An entire generation of heavily indebted Americans is a really bad sign for the future of the economy (especially coupled with the impact climate change could have on the economy’s growth). There are a lot of college-educated people looking for a better job or a higher salary to tackle their massive student loan payments and many are forced to delay saving up for retirement, buying a car, or owning home. Meanwhile, there is a growing worker shortage for skilled labor jobs in craftsmanship and construction as we continue to push children to attend college and obtain white-collar jobs over trade schools and blue-collar jobs.
A Green New Deal for Student Borrowers
Millions of Americans are drowning in student debt and looking for a way out. Utility bills will stop going up and we can achieve energy independence if we switch to renewable energy. So, let’s put that all together:
What if we took a page out of FDR’s book? What if we could help rebuild America into a 100% energy independent country using 100% renewable energy by employing Americans who are struggling financially and/or looking for a way out of debt?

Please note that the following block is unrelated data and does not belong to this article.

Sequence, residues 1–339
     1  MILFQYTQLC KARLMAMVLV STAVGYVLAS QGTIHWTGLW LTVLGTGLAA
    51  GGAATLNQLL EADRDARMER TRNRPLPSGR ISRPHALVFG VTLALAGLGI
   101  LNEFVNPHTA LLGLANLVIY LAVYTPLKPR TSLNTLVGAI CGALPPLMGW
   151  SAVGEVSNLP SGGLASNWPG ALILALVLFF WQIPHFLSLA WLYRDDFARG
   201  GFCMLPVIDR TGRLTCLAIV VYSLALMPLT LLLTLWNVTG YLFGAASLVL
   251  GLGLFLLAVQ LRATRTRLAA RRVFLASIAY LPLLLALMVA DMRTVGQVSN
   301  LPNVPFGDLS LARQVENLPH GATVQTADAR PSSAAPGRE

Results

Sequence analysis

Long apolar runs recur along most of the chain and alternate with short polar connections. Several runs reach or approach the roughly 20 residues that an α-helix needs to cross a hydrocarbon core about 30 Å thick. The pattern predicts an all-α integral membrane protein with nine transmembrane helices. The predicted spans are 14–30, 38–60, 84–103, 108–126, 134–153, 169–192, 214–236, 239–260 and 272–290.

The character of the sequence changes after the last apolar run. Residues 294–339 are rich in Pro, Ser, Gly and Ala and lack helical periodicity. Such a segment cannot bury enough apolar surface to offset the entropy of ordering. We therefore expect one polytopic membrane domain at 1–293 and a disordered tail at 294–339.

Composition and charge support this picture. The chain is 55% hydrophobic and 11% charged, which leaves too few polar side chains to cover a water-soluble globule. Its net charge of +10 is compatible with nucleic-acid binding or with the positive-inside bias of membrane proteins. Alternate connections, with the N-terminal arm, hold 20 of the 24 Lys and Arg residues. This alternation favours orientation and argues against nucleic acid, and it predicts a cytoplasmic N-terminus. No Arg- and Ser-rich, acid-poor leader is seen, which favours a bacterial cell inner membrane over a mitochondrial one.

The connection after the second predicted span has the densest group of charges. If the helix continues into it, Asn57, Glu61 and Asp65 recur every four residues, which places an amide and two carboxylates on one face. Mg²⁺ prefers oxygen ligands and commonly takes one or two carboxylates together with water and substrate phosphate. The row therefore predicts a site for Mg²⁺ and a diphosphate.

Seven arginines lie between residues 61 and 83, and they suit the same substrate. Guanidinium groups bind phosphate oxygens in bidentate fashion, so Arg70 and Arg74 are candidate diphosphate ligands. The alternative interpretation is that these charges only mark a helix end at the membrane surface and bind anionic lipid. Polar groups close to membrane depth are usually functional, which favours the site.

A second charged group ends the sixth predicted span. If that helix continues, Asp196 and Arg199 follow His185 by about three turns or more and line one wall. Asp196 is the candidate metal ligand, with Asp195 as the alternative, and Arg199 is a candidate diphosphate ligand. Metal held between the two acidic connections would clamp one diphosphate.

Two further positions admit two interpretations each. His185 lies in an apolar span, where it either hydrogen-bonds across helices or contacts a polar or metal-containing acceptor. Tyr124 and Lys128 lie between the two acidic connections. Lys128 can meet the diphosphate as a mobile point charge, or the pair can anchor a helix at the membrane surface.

We could enact a massive, temporary, public-works and green collar jobs program similar to those of the New Deal. Imagine skilled and unskilled laborers all over the country: building solar, wind, geothermal, and hydroelectric energy facilities; coming up with solutions to mitigate sea-level rise in coastal areas, working on answers to potential crop and food shortages, improving on fuel dependence in vehicles, fighting fires in drought-burdened states, implementing carbon-capture technologies, etc. But, instead of FDR’s “work relief” programs we could create “debt relief” programs where the government somehow guarantees a live-able wage and a pathway out of student debt for participants. For example, these incentives could take the form of commitment-based total loan forgiveness programs for individuals with the highest debt-to-income ratios, partial loan forgiveness, interest-accrual suspension programs, tax breaks, or similar means that help to alleviate the burden of debt. There are certainly a ton of Americans out there who would gladly spend a few years building wind and solar farms if it meant eliminating their massive student loan burdens.
A green jobs program like this could solidify America as a world leader in the inevitably prosperous renewable energies sector of the future. It would also provide a model of transition away from fossil fuels that other countries could emulate so we can effectively address the wider, global climate crisis. Even if you are an avid climate change denier, it’s hard to hate the idea of a more independent, less debt-riddled American economy entirely fueled by cheap renewable energy.
Momentum is gaining fast for a Green New Deal with this kind of public works plan in mind. As the legislation evolves, we should make an effort to include student debt relief as part of the ongoing discussion.